Windows Vista is designed to be more secure than previous versions of Windows. Part of the improvements are related to User Account Control (UAC), which encourages the good practice of not logging on with an Administrator account (and even if you do, it limits your available rights by default). While this is good for security, it can be problematic when dealing with legacy application, many of which were developed with the expectation that the user can make changes to locations such as the Windows directory.

Ideally, applications should be re-written or patched to make them compliant with Windows Vista security, but where this is not possible Windows Vista provides a new feature that will help alleviate problems in this area. The feature is known as File and Registry Virtualisation (FARV).  Below is a brief overview of FARV:


How File and Registry Virtualisation Helps

FARV presents a “virtual” view of certain parts of the filesystem and registry to legacy applications. That is, the legacy application can read and write to what it thinks is the correct location in the registry and filesystem, but any changes are actually redirected to a user-specific location.

File changes are redirected to the following location:
%UserProfile%\AppData\Local\VirtualStore
This directory contains subdirectories matching the location that was redirected. For example, if changes were redirected from the Windows directory, the store will look similar to this:

 

The FARV VirtualStore, showing some redirected folders.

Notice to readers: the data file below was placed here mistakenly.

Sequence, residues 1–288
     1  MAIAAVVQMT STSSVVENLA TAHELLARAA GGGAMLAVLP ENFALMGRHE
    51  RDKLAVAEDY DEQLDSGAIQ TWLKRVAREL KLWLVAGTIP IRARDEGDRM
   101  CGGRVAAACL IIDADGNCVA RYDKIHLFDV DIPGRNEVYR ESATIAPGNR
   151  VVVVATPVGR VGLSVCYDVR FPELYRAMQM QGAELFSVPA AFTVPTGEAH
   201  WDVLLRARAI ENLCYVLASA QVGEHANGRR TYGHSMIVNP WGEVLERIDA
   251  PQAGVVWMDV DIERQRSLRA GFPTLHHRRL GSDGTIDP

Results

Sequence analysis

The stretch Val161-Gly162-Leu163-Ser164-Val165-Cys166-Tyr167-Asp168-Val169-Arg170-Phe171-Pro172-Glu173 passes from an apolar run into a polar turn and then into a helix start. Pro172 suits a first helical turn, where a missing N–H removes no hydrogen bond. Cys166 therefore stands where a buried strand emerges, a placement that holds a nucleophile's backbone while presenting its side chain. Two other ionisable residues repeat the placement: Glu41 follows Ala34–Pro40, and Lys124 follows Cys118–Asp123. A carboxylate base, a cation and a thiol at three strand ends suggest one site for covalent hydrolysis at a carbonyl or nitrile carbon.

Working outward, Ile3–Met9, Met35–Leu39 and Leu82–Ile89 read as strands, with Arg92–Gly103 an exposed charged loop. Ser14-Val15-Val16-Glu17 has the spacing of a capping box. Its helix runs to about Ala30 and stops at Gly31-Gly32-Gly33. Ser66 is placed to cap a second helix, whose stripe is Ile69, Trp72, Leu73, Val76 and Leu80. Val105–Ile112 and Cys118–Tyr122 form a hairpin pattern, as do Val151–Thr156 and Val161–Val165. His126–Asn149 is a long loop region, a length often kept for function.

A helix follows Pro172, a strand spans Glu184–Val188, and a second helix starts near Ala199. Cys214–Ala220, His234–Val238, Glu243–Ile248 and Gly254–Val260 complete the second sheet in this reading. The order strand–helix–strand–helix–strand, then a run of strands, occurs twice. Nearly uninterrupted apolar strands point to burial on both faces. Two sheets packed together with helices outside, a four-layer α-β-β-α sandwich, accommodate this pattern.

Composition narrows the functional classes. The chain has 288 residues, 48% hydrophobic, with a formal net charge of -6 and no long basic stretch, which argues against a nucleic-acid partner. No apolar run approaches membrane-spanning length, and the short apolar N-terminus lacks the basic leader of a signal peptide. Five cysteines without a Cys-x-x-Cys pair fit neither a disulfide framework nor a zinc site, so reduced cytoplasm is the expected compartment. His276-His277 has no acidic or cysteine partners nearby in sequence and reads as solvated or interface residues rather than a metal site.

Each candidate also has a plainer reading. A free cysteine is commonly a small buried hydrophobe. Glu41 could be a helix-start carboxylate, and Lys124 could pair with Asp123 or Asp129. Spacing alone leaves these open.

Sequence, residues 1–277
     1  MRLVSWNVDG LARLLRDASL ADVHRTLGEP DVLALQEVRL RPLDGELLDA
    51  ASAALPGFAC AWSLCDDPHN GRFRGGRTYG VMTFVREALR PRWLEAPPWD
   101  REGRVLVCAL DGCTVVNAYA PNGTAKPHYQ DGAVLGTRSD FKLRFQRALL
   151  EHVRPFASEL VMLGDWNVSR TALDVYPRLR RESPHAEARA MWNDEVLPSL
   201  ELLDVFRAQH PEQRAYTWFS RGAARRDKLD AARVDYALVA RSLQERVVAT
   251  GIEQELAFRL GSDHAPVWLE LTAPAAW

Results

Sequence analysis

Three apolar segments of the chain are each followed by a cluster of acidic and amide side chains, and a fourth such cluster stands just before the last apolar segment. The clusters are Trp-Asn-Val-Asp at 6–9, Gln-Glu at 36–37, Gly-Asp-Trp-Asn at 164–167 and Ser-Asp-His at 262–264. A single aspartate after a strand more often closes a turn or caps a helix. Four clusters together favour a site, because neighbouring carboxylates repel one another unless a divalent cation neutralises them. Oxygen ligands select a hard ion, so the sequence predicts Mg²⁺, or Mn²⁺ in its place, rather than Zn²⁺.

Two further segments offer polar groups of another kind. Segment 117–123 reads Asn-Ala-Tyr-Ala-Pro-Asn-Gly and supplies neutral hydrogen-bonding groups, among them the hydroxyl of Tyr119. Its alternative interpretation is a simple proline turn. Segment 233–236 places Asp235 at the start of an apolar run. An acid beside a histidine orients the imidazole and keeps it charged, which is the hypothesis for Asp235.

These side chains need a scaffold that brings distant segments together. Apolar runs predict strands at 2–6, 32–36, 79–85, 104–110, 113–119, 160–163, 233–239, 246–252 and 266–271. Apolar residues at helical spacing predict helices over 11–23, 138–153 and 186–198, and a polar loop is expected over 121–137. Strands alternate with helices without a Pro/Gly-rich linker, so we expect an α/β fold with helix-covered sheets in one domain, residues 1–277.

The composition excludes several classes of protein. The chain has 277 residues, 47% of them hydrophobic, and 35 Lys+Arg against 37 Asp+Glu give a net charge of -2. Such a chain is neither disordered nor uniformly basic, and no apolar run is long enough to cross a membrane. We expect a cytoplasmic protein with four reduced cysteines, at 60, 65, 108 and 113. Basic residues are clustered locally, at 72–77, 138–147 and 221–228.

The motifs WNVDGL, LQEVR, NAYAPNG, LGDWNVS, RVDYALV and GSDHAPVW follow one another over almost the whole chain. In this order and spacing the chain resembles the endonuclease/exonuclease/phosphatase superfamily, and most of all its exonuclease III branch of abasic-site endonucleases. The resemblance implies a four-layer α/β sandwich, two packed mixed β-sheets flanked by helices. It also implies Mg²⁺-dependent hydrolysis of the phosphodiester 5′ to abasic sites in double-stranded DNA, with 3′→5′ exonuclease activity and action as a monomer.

If you navigate to the Windows drectory in Windows Explorer, you will not see the virtual version of the file. Explorer will show the actual content of folder. However, it does alert you to the fact that virtual copies of some files exist by a new button on the taskbar:


Explorer alerts you to the existence of user-specific files in the VirtualStore

Clicking this button takes you to the virtual store mentioned above.

A similar store exists for redirected Registry changes:

HKEY_CLASSES_ROOT\VirtualStore
This may appear to be a system-wide store since it doesn’t contain any user-specific information in the path. However, this key is actually just a pointer to the following location:
HKEY_USERS\<user SID>\Software\Classes\VirtualStore
[also accessible via: HKEY_CURRENT_USER\Software\Classes\VirtualStore]
So, registry changes are also stored on a per-user basis.


What is Virtualised?

File and Registry Virtualisation is hard-coded to present a virtual view of only these locations in the filesystem and registry:
Registry (includes subkeys)
HKEY_LOCAL_MACHINE\Software
Exceptions are:
  • HKLM\Software\Microsoft\Windows
  • HMLM\Software\Microsoft\Windows NT
  • Other subkeys under “Microsoft”
Keys can be excluded by setting the new DONT_VIRTUALIZE flag for the key using the Reg.exe tool.

Filesystem (includes subfolders)
  • %SystemRoot% (e.g. C:\Windows)
  • %ProgramFiles% (e.g. C:\Program Files)
  • %AllUsersProfile% (e.g. C:\ProgramData – previously C:\Documents and Settings\All Users)
Binary executable files (.exe, .dll, .sys, etc) are excluded from virtualisation. Additional extensions can be added here: